The season of Advent is one of exile and difficulty in the religious Christmas story. Many people are struggling with feeling overwhelmed, turned off by the expectations and commitments they feel and not having enough, meeting our own exile and separation from each other, from reverence, and from ourselves. How do we reach into the future for some good cheer? How shall we endure our experiences of exile, being worn out, the dread of disappointing the people we love, the fear of being alone, the present grief for loved ones who have died or around divorce, incarceration, and illness?
I know well that sense of being dried and broken bones in the valley of sorrow and frustration. I also know there are real things we can choose each and every day to claim joy. Here are six ways to turn back out of exile and into belonging, some ways to trust and claim the future Christmas and the arrival of hope.
Find a good story to share. News bureaus are especially careful during the Christmas season to share stories of abundant joy and people risking faithfully to live in bold compassion and care. Find a story each day and share it. I like to make sure I share that story with at least three people, because I will return to the heart of that story’s joy three needful times and can give that joy to others.
Be the good news story to share. Seek opportunities to be those unreported good news stories. This isn’t about serving for public recognition, but about attuning ourselves to the many ways we can be generous and bold in compassion. Listen to another person who is distraught. Help someone with a heavy burden. Bring a pile of books and handwritten holiday cards over to the correctional facility or hospital. The gift of bringing unexpected joy is also a gift to our selves: we always feel better when we’ve truly affected someone is a good way, lifting all of us together.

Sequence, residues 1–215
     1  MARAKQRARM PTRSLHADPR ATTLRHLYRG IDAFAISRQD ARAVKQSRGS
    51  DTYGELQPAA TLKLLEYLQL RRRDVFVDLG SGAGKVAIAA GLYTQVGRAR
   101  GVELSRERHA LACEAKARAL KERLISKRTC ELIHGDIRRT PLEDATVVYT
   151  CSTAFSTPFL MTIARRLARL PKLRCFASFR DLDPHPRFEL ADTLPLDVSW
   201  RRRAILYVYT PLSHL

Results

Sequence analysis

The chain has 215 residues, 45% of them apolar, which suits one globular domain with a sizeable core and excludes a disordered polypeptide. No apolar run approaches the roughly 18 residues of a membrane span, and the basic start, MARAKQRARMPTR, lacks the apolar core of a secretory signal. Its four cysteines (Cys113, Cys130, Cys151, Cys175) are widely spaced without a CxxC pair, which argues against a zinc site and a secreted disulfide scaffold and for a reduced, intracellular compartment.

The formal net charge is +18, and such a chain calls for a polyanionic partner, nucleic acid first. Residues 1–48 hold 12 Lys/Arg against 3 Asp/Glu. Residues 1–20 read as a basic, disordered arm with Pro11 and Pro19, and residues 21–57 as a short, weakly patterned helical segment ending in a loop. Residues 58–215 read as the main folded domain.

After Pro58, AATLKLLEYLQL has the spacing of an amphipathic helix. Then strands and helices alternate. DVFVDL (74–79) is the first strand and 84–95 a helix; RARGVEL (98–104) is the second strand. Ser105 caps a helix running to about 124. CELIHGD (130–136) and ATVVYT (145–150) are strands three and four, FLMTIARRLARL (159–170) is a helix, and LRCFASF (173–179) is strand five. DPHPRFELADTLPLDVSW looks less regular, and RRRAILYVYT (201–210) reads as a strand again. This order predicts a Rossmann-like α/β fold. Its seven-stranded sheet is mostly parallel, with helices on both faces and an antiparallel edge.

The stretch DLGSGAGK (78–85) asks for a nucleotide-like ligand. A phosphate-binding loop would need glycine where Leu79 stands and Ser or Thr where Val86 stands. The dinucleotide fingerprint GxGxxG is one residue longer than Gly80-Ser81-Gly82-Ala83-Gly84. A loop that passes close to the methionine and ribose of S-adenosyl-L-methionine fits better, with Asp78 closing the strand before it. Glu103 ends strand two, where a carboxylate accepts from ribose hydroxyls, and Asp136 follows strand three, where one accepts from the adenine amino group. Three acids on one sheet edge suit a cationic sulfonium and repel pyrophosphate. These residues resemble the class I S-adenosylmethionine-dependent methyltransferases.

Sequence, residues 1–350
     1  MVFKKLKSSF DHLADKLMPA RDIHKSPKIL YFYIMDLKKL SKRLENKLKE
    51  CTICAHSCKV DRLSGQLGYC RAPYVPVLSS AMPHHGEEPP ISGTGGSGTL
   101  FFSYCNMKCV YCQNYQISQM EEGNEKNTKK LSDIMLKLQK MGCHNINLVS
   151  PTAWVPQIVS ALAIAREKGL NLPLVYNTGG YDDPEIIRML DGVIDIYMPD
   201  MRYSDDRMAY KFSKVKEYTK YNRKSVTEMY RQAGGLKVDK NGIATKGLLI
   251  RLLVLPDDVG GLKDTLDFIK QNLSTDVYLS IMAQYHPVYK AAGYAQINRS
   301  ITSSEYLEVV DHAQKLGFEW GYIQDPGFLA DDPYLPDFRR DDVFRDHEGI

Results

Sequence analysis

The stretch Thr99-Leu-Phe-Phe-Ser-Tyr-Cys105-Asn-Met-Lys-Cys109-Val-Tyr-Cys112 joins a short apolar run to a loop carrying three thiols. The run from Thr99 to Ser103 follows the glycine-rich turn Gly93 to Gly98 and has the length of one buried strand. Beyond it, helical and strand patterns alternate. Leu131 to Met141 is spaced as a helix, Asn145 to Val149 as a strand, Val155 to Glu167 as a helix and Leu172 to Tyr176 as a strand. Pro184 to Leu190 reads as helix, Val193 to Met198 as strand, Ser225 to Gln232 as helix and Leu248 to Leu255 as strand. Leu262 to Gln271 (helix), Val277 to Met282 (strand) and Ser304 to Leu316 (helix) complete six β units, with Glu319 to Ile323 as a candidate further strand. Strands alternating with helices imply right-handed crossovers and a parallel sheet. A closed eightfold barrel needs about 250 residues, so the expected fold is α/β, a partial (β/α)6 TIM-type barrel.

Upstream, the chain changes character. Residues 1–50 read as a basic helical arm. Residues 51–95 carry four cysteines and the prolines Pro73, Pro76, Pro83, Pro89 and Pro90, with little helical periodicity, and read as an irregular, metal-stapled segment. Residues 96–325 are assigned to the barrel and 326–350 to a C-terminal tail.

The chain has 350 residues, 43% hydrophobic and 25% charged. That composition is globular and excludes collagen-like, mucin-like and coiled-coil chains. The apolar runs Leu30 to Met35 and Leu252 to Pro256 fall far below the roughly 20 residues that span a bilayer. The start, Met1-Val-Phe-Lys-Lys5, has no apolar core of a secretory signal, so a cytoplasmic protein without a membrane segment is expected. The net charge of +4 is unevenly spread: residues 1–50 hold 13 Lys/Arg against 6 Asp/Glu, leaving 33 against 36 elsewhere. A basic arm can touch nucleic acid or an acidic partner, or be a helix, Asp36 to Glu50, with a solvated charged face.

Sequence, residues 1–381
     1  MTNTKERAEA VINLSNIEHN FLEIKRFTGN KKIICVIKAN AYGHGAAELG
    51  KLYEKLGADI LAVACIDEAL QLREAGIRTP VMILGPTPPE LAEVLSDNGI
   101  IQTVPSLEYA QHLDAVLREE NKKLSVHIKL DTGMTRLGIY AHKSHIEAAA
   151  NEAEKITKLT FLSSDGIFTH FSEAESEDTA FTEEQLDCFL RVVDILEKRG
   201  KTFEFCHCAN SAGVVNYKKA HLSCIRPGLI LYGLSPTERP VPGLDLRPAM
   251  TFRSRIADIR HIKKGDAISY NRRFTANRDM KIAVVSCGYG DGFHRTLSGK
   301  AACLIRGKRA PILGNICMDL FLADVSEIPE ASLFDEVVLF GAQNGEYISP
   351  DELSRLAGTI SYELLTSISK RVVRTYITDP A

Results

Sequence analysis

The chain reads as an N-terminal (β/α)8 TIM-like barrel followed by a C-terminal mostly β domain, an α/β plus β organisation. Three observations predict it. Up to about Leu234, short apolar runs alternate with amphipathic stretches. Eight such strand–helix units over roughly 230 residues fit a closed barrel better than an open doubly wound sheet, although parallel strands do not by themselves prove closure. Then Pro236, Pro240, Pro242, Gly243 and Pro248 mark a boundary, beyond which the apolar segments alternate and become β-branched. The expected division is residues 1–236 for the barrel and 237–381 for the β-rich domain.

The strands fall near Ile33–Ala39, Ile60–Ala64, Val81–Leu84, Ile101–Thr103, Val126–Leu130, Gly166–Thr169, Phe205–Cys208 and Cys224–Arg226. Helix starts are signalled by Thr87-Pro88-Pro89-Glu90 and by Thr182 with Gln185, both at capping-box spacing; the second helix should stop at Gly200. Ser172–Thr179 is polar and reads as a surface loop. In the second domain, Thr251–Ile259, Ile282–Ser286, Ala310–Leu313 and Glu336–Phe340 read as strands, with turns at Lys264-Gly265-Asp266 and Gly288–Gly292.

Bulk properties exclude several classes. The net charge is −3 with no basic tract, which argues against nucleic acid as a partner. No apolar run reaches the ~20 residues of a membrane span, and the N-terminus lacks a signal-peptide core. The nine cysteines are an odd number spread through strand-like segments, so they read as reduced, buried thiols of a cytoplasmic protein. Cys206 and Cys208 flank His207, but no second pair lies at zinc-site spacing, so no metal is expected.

Commit to a volunteer program in need for the next 12 months. Researching and deciding how you can help is a liberating decision, and because it is liberating, it is also scary. We are so used to limited choices and making decisions based on limited time offers, the gift of a large amount of time and a huge number of choices can make us both terrified and giddy at the same time. But once we’ve figured out how and where we can help and connected with the program or agency to volunteer with, we have present both the anticipatory joy of being useful to creating goodness, and returning to the love and joy of why we’re working so hard to make a good holiday season for our families and communities.
Visit a neighboring faith. Cultivating neighborliness is the way out of exile. One way to cultivate neighborliness is to get to know those strange to us. What neighboring faith group do you know the least well? Who is the practice of loving our neighbor calling you to meet? Go visit the mosque, synagogue, gurdwara, temple, sangha, or church. Meet the religious leadership of that community. Ask how you can be a better neighbor in this coming year. Make the commitment.
Begin reconciling with someone you’ve been separated from. Ending exile happens in many ways. We might have amends to make. We might have to forgive. We might have some difficult conversations and heart wrestling ahead. But the freedom of reconciliation is freedom from not being consumed by bitterness and anger, shame or grief and the freedom to be more loving and compassion. The relationship won’t likely ever be the same as it was; it might just be a freeing civility. But it could also become really wonderful. Neither is possible if we’re not willing to start the end of exile.
Send a joy note to a friend or family member. Take a cup of coffee or cocoa or tea and the time to write down what you admire about someone. Seal it up and send out the note. The recipient will treasure it. You’ll feel heartened and ready to live more boldly in love and compassion yourself.
Living boldly into the practices of love at this time of year, we can renew our flagging spirits and turn again to loving both the Holy and ourselves and bear glad tidings in loving strangers, enemies, neighbors, family, and friends.